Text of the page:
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No Cake Walk
Supreme Court ruling not a victory for intolerance

A divided Supreme Court on Monday absolved a Colorado baker of discrimination for refusing to create a custom wedding cake for a same-sex couple, ruling that the state exhibited “religious hostility” against him.
As reported in USA Today, the 7-2 verdict criticized the state’s treatment of Jack Phillips’ religious objections to gay marriage in 2012, several years before the practice was legalized nationwide. The justices ruled that a state civil rights commission was hostile to him while allowing other bakers to refuse to create cakes that demeaned gays and same-sex marriages.

“Because of the very specific, not-likely-to-be-repeated basis on which Justice Anthony Kennedy resolved the case, it didn’t end being the blockbuster resolution of the LGBTQ rights/freedom of expression conflict most people were expecting,” John Culhane wrote in Politico. “Future cases, he noted, must be resolved without ‘subjecting gay persons to indignities when they seek goods and services in an open market.’”

The Freedom From Religion Foundation notes that although “the decision will be promoted by the Religious Right as a sweeping victory, the court did not give them what they wanted; it did not redefine religious liberty as an unqualified license to discriminate or give the bakery the green light to discriminate in the future.”

People of faith are also grappling with the ramifications of the ruling.
Tim Swarens wrote in a USA Today article, “My side — the socially conservative, evangelical Christian side — supposedly won a major victory Monday when the U.S. Supreme Court ruled in favor of a Colorado baker who declined to make a wedding cake for a gay couple. But it doesn’t feel like a win to me. ... I can’t celebrate a victory when one person’s convictions and rights are deemed less important than someone else’s.”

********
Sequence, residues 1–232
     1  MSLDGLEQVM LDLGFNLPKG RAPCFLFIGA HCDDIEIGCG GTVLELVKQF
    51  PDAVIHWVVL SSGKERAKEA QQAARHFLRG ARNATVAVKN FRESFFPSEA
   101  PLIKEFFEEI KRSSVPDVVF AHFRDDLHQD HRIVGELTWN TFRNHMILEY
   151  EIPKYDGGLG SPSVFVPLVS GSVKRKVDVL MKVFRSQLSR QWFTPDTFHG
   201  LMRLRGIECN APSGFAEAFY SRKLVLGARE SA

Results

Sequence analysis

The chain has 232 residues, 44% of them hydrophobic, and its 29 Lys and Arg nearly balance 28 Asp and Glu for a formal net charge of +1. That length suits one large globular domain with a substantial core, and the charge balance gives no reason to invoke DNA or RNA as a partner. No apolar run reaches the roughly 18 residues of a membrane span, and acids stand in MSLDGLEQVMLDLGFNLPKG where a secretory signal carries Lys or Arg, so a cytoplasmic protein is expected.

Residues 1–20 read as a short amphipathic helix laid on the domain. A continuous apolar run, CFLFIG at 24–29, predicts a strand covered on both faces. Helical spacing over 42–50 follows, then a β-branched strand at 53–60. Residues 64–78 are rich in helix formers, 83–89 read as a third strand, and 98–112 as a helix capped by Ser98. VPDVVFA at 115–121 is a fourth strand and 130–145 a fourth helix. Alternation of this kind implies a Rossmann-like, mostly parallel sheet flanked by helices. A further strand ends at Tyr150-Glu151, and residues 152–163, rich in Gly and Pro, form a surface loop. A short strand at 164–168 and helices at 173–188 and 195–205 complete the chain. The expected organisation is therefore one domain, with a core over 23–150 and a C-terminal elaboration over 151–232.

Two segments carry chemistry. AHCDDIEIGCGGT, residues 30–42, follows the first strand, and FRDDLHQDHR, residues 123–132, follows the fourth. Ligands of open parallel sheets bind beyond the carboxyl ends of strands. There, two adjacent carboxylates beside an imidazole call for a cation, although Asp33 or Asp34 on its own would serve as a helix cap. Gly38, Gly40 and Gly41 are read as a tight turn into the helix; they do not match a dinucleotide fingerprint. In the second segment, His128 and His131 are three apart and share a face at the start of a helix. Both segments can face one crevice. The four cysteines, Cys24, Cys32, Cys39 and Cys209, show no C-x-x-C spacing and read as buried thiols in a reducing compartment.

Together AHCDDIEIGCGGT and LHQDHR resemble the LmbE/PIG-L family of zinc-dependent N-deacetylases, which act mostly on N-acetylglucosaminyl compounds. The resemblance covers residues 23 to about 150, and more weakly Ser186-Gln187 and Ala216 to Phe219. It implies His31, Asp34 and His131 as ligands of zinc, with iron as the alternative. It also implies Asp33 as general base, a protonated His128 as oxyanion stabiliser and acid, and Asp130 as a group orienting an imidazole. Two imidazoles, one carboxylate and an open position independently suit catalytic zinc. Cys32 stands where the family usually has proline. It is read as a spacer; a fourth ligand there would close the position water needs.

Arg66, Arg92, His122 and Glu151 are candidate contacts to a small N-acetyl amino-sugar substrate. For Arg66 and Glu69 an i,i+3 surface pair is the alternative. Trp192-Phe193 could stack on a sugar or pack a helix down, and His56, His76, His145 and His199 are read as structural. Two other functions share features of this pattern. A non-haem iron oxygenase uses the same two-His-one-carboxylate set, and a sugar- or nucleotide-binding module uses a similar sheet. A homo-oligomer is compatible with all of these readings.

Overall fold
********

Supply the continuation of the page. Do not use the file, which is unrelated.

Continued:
People in mainstream denominations are pondering how to move forward. The United Methodist Church’s Council of Bishops was asked at the 2016 General Conference to solve the problem of how to deal with the issues of same-sex marriage and clergy homosexuality in the UMC, both banned by the UM Book of Discipline, by the next convention in 2020. The bishops’ “Commission on a Way Forward” offers two plans, according to the Rev. Rob Ernest. “The One Church Plan ‘provides conferences, churches and pastors the flexibility to uniquely reach their missional context while retaining the connectional nature of the United Methodist Church.’ This means that each UM church and pastor would decide for themselves if they will allow same-sex weddings, and individual conferences will decide if they will ordain self-avowed homosexuals. This would also necessitate the removal from the BOD the restrictive and disciplinary language condemning the practice of homosexuality.”
In other words, this denomination is asking whether some churches might prefer a ministry that is more inclusive of the people in its community, rather than one that is not. It would be great if cake makers and other business people felt the same, but they are free to disagree.